How Can South Africa Implement Grant Basic Income

In today’s Sassa News – South Africa wants to extend benefits for jobless people to cover unemployed adults who are not looking for work. The Social Development department is investigating ways it could introduce basic income support for vulnerable adults in a way that is financially sustainable, does not comprise economic growth, and helps people in all areas of life.

A Basic Income Grant (BIG) could be implemented in South Africa to provide support to adults who are not working. The Department of Social Development (DSD) believes that it is possible to implement such a grant without any major trade-offs.

In 2021, the DSD appointed an expert panel to investigate the social and economic implications of introducing a Basic Income Support Basic at scale. The Panel concluded that it would be feasible to roll out such a scheme. The Panel cautioned that this model should replace existing benefits, rather than supplement them.

The first analysis, completed in 2021, examined the social and economic impact of introducing Basic Income Support (BIS) at scale, while the second analysis looked at different funding models for the introduction of basic income grants. The first study found that paying a flat monthly cash grant to all citizens would lift 1.5 million children from poverty.

The second analysis provide a very straightforward answer: it is possible to implement a BIG while protecting economic growth using a balanced budget approach and achieving important redistributive effects.

The report looked at four possible funding models for the introduction of Basic Income Support and simulated their social and economic impacts.

These funding models include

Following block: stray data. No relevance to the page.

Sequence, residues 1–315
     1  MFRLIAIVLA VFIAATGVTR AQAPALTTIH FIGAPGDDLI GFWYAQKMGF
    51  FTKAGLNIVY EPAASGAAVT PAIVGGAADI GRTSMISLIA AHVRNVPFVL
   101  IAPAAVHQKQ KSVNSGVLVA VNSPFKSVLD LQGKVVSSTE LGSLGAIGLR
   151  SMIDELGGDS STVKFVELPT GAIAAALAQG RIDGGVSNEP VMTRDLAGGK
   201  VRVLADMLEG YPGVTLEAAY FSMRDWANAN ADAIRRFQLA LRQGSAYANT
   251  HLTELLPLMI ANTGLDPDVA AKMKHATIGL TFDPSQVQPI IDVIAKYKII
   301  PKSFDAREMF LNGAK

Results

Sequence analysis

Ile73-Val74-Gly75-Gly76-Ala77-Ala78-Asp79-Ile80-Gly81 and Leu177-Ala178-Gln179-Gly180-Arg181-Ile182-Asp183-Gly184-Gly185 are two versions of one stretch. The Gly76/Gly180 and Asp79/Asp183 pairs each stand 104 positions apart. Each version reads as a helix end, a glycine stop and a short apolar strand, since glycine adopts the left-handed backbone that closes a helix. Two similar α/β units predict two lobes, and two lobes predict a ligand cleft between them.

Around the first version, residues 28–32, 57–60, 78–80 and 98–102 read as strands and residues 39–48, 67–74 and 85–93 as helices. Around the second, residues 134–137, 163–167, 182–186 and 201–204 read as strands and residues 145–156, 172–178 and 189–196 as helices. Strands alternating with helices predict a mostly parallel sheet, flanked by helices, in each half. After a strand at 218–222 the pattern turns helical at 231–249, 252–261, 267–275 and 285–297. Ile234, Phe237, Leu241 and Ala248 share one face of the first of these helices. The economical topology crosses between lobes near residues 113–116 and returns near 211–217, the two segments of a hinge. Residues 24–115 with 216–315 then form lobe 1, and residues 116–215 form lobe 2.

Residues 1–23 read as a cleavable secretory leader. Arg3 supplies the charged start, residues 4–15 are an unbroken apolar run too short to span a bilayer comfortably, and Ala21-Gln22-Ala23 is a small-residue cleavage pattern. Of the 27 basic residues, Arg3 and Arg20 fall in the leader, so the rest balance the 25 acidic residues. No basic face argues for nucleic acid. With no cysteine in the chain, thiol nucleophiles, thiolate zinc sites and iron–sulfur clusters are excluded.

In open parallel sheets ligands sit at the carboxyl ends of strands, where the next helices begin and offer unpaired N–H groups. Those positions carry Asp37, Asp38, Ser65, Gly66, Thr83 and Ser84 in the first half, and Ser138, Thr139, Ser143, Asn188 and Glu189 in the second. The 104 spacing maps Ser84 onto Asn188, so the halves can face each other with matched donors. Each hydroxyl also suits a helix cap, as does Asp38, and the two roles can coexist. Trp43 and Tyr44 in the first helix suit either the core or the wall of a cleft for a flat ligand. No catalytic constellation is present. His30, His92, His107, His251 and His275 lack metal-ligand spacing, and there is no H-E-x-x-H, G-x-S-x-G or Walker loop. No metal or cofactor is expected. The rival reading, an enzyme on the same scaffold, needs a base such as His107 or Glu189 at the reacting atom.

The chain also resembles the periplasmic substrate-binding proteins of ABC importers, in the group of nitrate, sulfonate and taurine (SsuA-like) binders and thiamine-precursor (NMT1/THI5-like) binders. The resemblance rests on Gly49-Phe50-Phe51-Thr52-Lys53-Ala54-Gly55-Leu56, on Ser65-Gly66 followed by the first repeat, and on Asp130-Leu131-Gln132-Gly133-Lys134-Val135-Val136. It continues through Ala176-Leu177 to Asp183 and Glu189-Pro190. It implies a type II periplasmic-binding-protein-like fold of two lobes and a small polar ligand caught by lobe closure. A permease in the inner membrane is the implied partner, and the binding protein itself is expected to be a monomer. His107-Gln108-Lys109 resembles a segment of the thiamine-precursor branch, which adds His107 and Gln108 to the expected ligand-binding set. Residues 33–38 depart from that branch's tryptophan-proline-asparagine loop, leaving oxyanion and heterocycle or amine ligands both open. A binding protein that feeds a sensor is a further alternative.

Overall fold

• Financing an SRD grant (R50 billion total budget for 13.1 million beneficiaries) through an increase in Value Added Tax.
  • Financing an SRD grant (R50 billion total budget for 13.1 million beneficiaries) through an increase in Personal Income Tax (PIT) of the top three deciles
  • Introducing a wage subsidy equivalent to R50 billion, financed entirely through PIT increases on the top three deciles and allocated to the bottom four occupational groups (domestic workers, elementary workers, operators and skilled agricultural workers)
  • A hybrid approach combines a wage subsidy at 50% of the cost of the SRD Grant (R25 billion), both financed entirely through PIT.

The results show that reduced poverty and inequality outcomes are material for all four simulations, with the weakest results achieved in the wage subsidy simulation. These results demonstrate that the nature of poverty reduction interventions should be considered alongside their distributional effects on welfare, inequality and fairness.

Experts acknowledged that the findings indicate that a wage subsidy targeted at the four lowest-income occupational categories shows promise for improving economic output but is less effective in addressing poverty and inequality in comparison to the SRD Grant.

The use of subsidies to help individuals find and keep a job is not a substitute for income protection schemes. In fact, it is complementary: both address the problems of joblessness, but along different lines.

The second simulation showed that an SRD grant has important inter-provincial redistributive effects, with a material narrowing of the inter-provincial Gini Coefficient differentials around a lower national result of 0.61.

A narrowing of the inter-provincial Gini Coefficient would indicate that it is a lowering of wealth inequality among provinces.


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